Natural area weeds are plants that interfere with the functions of natural communities and displace native species. These weeds are often exotic plant species that have become naturalized and can spread without human cultivation. Natural area managers remove invasive plants to maintain the integrity of natural areas.
Air potato is one such non-native, invasive plant. This vine can grow eight inches a day and produces large numbers of potato-like growths that sprout new plants.
What is an Air Potato?
Air potatoes are members of the yam family and native to Asia and sub-Saharan Africa. Air potatoes can now be found throughout Florida as well as in Louisiana, Mississippi, Texas, Hawaii, and Puerto Rico.
Air potato was added to the Florida Department of Agriculture and Consumer Services' Noxious Weed List in 1999. Plants on this list may not be introduced, possessed, moved, or released without a permit.
Identifying Air Potato
Air potato is an herbaceous vine that sprouts from underground or aerial tubers. Its stems can grow up to 70 feet in length. The stems are round or slightly angled in cross section and twine to the left (counter-clockwise).
The leaves are alternately arranged along the stem and attached with long stalks. The leaves can grow at least eight inches long and are nearly as wide. Also, the leaves are heart-shaped and basally lobed, tapering quickly to a point at the end of the leaf.
Aerial tubers (bulbils) form in leaf axils. In Florida, bulbil texture and color are variable. Some bulbils are warty while others are smooth, and their color can range from a light tan to dark brown.
Although air potato rarely flowers in Florida, the plant can produce small, fragrant flowers that arise from the leaf axils and grow in loose clusters up to four inches long. Male and female flowers are found on separate plants. No fruits or male flowers have ever been observed in Florida.
For pictures to use when identifying air potato vines, visit the Center for Aquatic and Invasive Plants’s page on air potato.
Winged yam is another non-native invasive species, similar in appearance to air potato. Like the air potato, it forms aerial bulbils and underground tubers. However, the winged yam’s stem twines to the right and is winged or angular, and the bulbils tend to be more oblong.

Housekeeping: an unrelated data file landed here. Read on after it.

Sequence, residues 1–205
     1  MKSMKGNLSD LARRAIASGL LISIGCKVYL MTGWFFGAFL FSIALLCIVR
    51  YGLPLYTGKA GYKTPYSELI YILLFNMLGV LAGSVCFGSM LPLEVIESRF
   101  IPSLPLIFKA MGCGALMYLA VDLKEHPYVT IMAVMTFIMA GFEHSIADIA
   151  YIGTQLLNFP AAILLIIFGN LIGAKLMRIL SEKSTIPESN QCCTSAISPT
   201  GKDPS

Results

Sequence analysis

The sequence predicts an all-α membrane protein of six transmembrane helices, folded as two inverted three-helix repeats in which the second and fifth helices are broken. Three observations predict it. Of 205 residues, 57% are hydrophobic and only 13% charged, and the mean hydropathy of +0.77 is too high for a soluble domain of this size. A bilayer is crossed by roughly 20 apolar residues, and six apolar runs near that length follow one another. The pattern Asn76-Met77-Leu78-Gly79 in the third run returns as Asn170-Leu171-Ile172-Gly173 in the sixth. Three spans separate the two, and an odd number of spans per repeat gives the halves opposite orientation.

Florida does have two native wild yams that are found in the hammocks and floodplains of North and West Florida, D. floridana and D. villosa. These plants never form aerial tubers, and their leaf blades rarely grow to six inches in length. The native species are smaller plants whose vines reach only about 10 feet. Air potato vines can easily grow to six times that size.
How Does an Air Potato Spread?
Flowering is rare in Florida, so most new plants sprout from aerial tubers (bulbils).
These bulbils can be the size of small marbles or as large as softballs. They grow along the vines and are found on plants during fall. The bulbils drop from the vines in winter (December to February) and sprout in spring. They can be carried over long distances by flowing water.
This versatile plant invades a variety of habitats, including pinelands and natural area hammocks. It can quickly engulf native vegetation in natural areas by climbing high into mature tree canopies.
Air potato is extremely difficult to eliminate because new plants sprout even from very small bulbils and underground tubers.
Removing Air Potato from Your Property
You can help protect Florida's natural areas by removing air potato around your home. Locating and removing bulbils is easier during winter months when plants are dormant and vegetation is less dense.
When air potato vines are growing up into trees or are mixed with desirable plants, cut or pull down the vines and destroy them. Remove as many bulbils as possible since those left behind will produce new vines.
Destroy every part of the air potato plant, including the bulbils, in a way that will prevent the vines from spreading to new areas. Burning is recommended if local restrictions permit it. Check with your local landfill to find out if they can incinerate the vines. Bulbils can also be killed by storing them in a freezer overnight.
Any remaining air potato plants should be sprayed with an herbicide solution in spring and early to mid-summer when the plants are actively growing. Several follow-up applications of herbicide will be necessary throughout the growing season and possibly in successive years.
Glyphosate is currently the best product for controlling air potato. Glyphosate will cause most of the bulbils to shrivel up and die. Manually removing the bulbils in winter is recommended to take care of any that may have survived.
Apply herbicides late in the season. Adequate coverage is important; spray the vines almost to the point of run-off. Glyphosate is absorbed through the leaves, so try to cover as many as possible. Spray the plants as high as you can reach, but try to avoid overspray and drift. If the vines grow too high to reach with an herbicide sprayer, pulling them down might be your best option, but this method may not be practical for large infestations.
Herbicides must be applied according to instructions on the label. If you are not trained in herbicide application, contact your county Extension office for information about training opportunities. It may be easier to hire a vegetation management contractor to remove air potato from your property. Your county agent should be able to recommend reliable, licensed contractors.
Adapted and excerpted from:
K. Langeland and M. Meisenberg, Natural Area Weeds: Air Potato (SS-AGR-164), Agronomy Department (rev. 3/2011).